Some 15 top diplomats including US Secretary of State Hillary Clinton meet Friday in Istanbul to discuss a political solution to the conflict in Libya while coordinating aid for the rebels.
The fourth meeting of the Libya contact group will also include British Foreign Secretary William Hague, his French counterpart Alain Juppe and Franco Frattini of Italy.
France, which has played a key role in rallying international support for the rebels fighting to topple Libyan dictator Moamer Kadhafi, on Tuesday said a political solution to the fourth-month-old conflict could be within reach.
Juppe said there had been contacts with Kadhafi's regime and that the veteran Libyan was ready to step down after 42 years in power, but the US cautioned many of the diplomatic signals coming from Tripoli have been contradictory.
The prospect of Kadhafi's peaceful departure will head the list of topics at the Instanbul talks, a Turkish diplomat said.
The rebels' de facto foreign minister, Mahmoud Jibril, will attend the meeting, where diplomats will discuss the future aid -- both military and financial -- that could be sent to the rebels in the coming weeks.
China and Russia both declined invitations to attend the meeting.
The two permanent members of the United Nations Security Council have been highly critical of NATO's ongoing military raids on pro-Kadhafi targets.
Moscow has insisted that NATO has violated the terms of the Security Council resolution that authorised the bombings, saying the civilian protection mandate of the text has been misused by NATO to justify regime change.
The meeting, which was set to start at 0830 GMT, comes as the rebel forces on Thursday solidified their positions near Al-Assabaa, a strategic city 80 kilometres (50 miles) south of the capital Tripoli.
The rebels also announced that they were preparing to attack Brega, a petroleum hub currently controlled by the regime in the east of the country.
"Yesterday, we got to within six kilometres (four miles) of Asabah, but most of our forces have returned" to Gualish, where rebels reversed a bid by loyalist forces on Wednesday to recapture the desert hamlet, said local commander Abdel Majid Salem.
Asabah is strategically located 80 kilometres (50 miles) south of the capital, serving as the last barrier between the rebels and the garrison town of Gharyan.
Salem said the bulk of the rebels had returned to "secure the area" around Gualish, some 17 kilometres (11 miles) further south, but that some fighters remained outside Asabah.
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On Wednesday, soldiers loyal to Kadhafi caught rebels off guard and attacked Gualish, which the insurgents captured a week earlier, and seized most of it.
But reinforcements poured in from villages and drove the loyalists out, chasing them up the road toward Asabah.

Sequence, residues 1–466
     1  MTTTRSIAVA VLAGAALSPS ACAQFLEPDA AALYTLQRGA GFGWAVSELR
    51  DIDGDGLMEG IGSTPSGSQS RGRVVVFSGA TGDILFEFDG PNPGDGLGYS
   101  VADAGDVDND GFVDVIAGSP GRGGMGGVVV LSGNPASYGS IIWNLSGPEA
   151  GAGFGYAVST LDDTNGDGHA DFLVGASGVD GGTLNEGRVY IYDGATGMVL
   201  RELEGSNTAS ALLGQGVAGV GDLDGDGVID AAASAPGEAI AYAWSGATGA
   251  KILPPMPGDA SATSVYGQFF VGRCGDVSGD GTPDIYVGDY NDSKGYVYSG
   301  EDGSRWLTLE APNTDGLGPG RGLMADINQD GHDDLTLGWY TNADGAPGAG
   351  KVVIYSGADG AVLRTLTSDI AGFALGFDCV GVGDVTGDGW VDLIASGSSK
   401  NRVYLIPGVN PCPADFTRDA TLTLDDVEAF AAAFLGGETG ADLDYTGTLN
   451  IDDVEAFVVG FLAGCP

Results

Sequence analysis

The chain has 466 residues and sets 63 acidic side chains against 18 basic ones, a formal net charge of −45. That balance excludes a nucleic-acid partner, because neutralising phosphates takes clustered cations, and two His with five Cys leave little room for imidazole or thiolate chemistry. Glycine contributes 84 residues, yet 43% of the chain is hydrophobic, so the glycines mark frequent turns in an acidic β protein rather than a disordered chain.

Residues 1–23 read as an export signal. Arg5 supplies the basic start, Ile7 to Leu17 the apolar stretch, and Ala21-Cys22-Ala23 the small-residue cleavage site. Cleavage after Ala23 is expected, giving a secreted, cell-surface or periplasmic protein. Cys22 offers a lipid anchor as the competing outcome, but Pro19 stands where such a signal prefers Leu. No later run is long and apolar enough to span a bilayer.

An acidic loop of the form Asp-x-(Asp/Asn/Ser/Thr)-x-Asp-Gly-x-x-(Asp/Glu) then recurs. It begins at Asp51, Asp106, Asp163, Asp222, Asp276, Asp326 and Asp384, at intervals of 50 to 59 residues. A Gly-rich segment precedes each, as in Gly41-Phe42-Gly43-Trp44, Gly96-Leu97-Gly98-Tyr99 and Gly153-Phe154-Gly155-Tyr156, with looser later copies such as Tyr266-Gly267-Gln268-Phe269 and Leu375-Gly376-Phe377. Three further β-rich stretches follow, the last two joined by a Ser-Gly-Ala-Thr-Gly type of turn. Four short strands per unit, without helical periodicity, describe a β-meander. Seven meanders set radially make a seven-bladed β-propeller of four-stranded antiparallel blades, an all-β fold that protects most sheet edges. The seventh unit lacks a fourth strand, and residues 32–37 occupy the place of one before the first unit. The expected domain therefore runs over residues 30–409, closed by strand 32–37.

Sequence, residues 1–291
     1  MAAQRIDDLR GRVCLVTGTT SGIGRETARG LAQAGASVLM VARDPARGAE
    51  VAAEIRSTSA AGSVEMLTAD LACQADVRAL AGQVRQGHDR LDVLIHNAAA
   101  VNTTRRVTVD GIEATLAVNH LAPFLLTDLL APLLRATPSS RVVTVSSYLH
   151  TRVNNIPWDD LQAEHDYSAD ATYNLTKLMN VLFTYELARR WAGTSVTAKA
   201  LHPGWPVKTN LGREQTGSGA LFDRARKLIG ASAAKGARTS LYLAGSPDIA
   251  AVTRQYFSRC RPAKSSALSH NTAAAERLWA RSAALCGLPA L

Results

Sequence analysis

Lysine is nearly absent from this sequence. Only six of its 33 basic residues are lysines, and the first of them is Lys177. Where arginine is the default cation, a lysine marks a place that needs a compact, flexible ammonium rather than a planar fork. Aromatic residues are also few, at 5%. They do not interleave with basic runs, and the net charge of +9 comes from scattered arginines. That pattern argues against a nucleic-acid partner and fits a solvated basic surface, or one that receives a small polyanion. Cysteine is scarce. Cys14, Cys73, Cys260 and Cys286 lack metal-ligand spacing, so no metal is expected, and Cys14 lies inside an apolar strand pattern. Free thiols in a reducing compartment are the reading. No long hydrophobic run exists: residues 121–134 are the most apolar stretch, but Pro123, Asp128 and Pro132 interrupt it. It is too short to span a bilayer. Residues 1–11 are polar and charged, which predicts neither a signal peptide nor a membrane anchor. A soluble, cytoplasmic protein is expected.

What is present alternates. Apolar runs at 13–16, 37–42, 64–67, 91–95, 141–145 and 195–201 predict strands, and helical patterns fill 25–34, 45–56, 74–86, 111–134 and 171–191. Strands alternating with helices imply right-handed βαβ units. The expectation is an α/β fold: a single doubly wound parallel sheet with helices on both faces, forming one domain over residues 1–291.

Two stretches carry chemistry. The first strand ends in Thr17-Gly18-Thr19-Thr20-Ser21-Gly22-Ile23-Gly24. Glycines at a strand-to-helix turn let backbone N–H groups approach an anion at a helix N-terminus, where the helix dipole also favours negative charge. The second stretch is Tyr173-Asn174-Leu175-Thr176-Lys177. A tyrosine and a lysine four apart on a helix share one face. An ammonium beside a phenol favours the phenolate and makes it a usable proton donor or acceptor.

At least eight rebels were killed and around 30 wounded in Wednesday's fighting, said doctors at the hospital in Zintan, the key rebel base in the mountains southwest of the capital.
The eight killed, all but one of them young men, were buried on Thursday in Zintan, an AFP correspondent said. Mourners loosed off Kalashnikov automatic weapons fire as the bodies were lowered into the graves.
In eastern Libya, rebels were poised to launch an offensive on the oil town of Brega, hoping to dislodge dug-in loyalist troops, rebel military sources told AFP.
One rebel fighter was killed and five more were wounded on Libya's eastern front line on Thursday, a doctor said in the rebel-held town of Ajdabiya, 80 kilometres (50 miles) from Brega.
"We are preparing to enter Brega. The attack will come soon," said one rebel official.
Brega, nestled at the southeastern tip of the Gulf of Sirte, has changed hands multiple times during Libya's four-month-old civil war.
"We have been focused on the west of the country, but now we will move," said another rebel military source who also asked not to be named.
In a speech to boost morale, Kadhafi on Thursday urged his supporters to march on the rebel capital of Benghazi in eastern Libya and to liberate the city of "traitors."
"The hour of battle has sounded: prepare to march on Benghazi and on (rebel-held) Misrata, and on the mountains of the west," he said in a message relayed by loudspeaker to supporters in an eastern district of the capital.
"We are here and we will stay here on this ground ... I will stay with my people until the last drop of my blood is spilled," a defiant Kadhafi said.
He also took a swipe at French President Nicolas Sarkozy, who he accused of being a "war criminal" who had stained his country's history and destroyed its ties with the Muslim world.
Kadhafi's regime said late on Wednesday that it was seeking to prosecute NATO chief Anders Fogh Rasmussen in Libyan courts for "war crimes" over the alliance's air strikes since the end of March that had killed more than 1,100 civilians.
Rasmussen insisted great care was taken to avoid civilian casualties.
"I completely dismiss these accusations," he told journalists in The Hague. "We are extremely careful and cautious in identifying military targets and avoid civilians casualties."